Physics Help Forum How mirror reflects light in atomic levels?

 Light and Optics Light and Optics Physics Help Forum

 Sep 28th 2014, 12:29 AM #1 Member   Join Date: Mar 2013 Posts: 37 How mirror reflects light in atomic levels? Light hits green leaf, we see green light, because green pigment within leaf repel each other, so green light would be reflected, and we see green leaf. Is it corrected concept? Carbon is black, because most of visible wavelengths are absorbed into carbon atom, and nothing is reflected, so we see black carbon. On the other words, carbon absorbs energy with certain wavelength. In term of efficiency of reflection, the less energy to be absorbed from objects, the higher efficiency of reflection the object is, would it be correct? I would like to know on what make mirror absorbing less energy from light comparing to carbon, so we can see clear image with most of light wavelength from reflection ... Does anyone have any suggestions? Thanks in advance for any suggestions Last edited by oem7110; Sep 28th 2014 at 12:36 AM.
Sep 30th 2014, 09:39 AM   #2
Physics Team

Join Date: Jun 2010
Location: Morristown, NJ USA
Posts: 2,352
 Originally Posted by oem7110 Light hits green leaf, we see green light, because green pigment within leaf repel each other, so green light would be reflected, and we see green leaf. Is it corrected concept?
Not quite. The leaf appears green because it has absorbed most of the red in sun light, leaving yellow and blue to be reflected back. Combine yellow and blue and it appears green to our eyes.

 Originally Posted by oem7110 Carbon is black, because most of visible wavelengths are absorbed into carbon atom, and nothing is reflected, so we see black carbon. On the other words, carbon absorbs energy with certain wavelength.
Yes.

 Originally Posted by oem7110 In term of efficiency of reflection, the less energy to be absorbed from objects, the higher efficiency of reflection the object is, would it be correct?
You're almost right, but are ignoring transmission of light. When light hits a surface three things are possible: absorption, reflection, or transmission. Think of light hitting a window - it is transmitted through, so the window neither absorbs nor reflects.

 Originally Posted by oem7110 I would like to know on what make mirror absorbing less energy from light comparing to carbon, so we can see clear image with most of light wavelength from reflection ...
Carbon appears black because it absorbs visible light very efficiently. When a photon of visible light hits an atom of carbon the electrons in the carbon absorb the energy and are kicked into a higher energy level. When the electron's energy level decays to a lower state a photon is emitted, but that photon has a different wavelength than visible light, such as infrared, so we can't see it. On the other hand an object that appears white to us re-emits photons across the visible spectrum. Now, as for why a mirror has perfect reflection (i.e. angle of incidence = angle of reflection) - it's a bit difficult to explain using quantum electrodynamic theory of photons - much easier to think of light as a wave to understand how reflection works.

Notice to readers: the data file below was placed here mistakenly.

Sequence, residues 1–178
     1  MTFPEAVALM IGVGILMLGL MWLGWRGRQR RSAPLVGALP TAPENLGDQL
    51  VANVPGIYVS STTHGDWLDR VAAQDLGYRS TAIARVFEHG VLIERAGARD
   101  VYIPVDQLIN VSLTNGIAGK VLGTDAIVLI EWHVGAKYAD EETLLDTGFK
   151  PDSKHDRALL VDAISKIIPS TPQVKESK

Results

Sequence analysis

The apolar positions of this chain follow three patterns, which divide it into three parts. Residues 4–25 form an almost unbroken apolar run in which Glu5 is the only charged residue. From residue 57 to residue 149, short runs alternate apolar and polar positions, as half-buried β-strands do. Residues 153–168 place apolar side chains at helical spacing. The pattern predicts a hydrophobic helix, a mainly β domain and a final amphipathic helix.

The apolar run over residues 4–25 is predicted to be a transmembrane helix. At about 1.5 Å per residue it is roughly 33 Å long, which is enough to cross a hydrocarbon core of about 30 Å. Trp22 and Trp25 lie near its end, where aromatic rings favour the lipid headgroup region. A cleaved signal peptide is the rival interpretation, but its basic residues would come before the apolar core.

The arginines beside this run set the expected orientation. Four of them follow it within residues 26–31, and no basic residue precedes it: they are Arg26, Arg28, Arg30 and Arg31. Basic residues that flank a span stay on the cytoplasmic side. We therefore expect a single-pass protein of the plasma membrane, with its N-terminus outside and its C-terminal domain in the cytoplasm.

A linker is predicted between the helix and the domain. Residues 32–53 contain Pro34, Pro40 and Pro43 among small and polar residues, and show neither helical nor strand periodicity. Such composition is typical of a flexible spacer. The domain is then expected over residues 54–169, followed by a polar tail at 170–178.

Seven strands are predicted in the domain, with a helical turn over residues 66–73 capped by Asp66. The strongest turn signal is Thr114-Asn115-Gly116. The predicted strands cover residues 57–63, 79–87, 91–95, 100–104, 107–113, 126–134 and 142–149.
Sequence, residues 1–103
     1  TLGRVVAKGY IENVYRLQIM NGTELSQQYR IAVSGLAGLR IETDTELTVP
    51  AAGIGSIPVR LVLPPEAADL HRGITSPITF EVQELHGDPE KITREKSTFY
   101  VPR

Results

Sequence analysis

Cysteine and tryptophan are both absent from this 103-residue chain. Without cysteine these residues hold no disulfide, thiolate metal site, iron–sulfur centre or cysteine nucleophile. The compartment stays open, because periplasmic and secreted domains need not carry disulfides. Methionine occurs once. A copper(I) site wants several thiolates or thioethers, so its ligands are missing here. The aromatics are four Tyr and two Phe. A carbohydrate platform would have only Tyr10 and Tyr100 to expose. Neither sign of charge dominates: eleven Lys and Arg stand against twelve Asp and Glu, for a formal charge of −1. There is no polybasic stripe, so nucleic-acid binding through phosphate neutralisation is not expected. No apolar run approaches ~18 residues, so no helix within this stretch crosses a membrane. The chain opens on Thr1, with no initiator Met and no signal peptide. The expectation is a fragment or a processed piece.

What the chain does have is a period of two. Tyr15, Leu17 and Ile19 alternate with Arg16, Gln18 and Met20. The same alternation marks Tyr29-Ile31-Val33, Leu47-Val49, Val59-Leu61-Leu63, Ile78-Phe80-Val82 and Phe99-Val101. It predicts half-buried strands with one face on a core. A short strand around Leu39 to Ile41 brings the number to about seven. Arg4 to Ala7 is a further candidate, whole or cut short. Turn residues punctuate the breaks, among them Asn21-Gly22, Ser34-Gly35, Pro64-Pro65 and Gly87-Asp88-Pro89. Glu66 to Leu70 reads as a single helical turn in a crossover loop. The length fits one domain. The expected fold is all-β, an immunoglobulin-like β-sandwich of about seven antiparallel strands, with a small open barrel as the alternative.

Sep 30th 2014, 10:03 AM   #3
Member

Join Date: Mar 2013
Posts: 37
 Originally Posted by ChipB When a photon of visible light hits an atom of carbon the electrons in the carbon absorb the energy and are kicked into a higher energy level. When the electron's energy level decays to a lower state a photon is emitted, but that photon has a different wavelength than visible light, such as infrared, so we can't see it. On the other hand an object that appears white to us re-emits photons across the visible spectrum. Now, as for why a mirror has perfect reflection (i.e. angle of incidence = angle of reflection) - it's a bit difficult to explain using quantum electrodynamic theory of photons - much easier to think of light as a wave to understand how reflection works.
I don't understand clearly on how the process of decays work to emit a photon of light of the same wavelength.

A mirror is 100% reflective, it is made of high polished aluminium.

When light hits atom, it would transfer energy and raise the energy levels of electron within atom, aluminium is better conductivity than wood, so how do those decayed energy to be handled differently between aluminium (Mirror) and wood (Carbon)? Referring to following statements, for the decayed process, I would like to know on how aluminium rapidly discharge those current related to emit a photon of light of the same wavelength.

 Above the Fermi level, energy levels are empty (empty at absolute zero), and can accept excited electrons. The surface of a metal can absorb all wavelengths of incident light, and excited electrons jump to a higher unoccupied energy level. This creates current, which rapidly discharges to emit a photon of light of the same wavelength. So, most of the incident light is immediately re-emitted at the surface, creating the metallic luster we see in gold, silver, copper, and other metals. This is why most metals are white or silver, and a smooth surface will be highly reflective, since it does not allow light to penetrate deeply.
Source :
http://www.webexhibits.org/causesofcolor/9.html

 Originally Posted by ChipB The leaf appears green because it has absorbed most of the red in sun light, leaving yellow and blue to be reflected back. Combine yellow and blue and it appears green to our eyes.
On the other hands, for a green leaf, when leaf absorbed most of the red in sun light, those energy from red wavelength is absorbed and electrons are kicked into a higher energy level, but yellow and blue wavelength are not absorbed, I would like to know on what object makes this decision on selecting certain wavelength to be absorbed, and how does this process work in atomic levels?

Do you have any suggestions?
Thanks you very much for any suggestions :>

 Tags atomic, levels, light, mirror, reflects